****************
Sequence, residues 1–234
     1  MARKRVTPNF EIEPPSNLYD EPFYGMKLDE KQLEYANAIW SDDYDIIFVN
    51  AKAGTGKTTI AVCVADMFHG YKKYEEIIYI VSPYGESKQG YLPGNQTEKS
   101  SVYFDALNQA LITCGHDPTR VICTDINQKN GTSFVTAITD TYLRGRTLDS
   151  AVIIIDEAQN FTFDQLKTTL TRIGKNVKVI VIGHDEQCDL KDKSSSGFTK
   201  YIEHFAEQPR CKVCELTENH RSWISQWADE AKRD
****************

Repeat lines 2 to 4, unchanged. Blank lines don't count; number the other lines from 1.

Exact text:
     1  MARKRVTPNF EIEPPSNLYD EPFYGMKLDE KQLEYANAIW SDDYDIIFVN
    51  AKAGTGKTTI AVCVADMFHG YKKYEEIIYI VSPYGESKQG YLPGNQTEKS
   101  SVYFDALNQA LITCGHDPTR VICTDINQKN GTSFVTAITD TYLRGRTLDS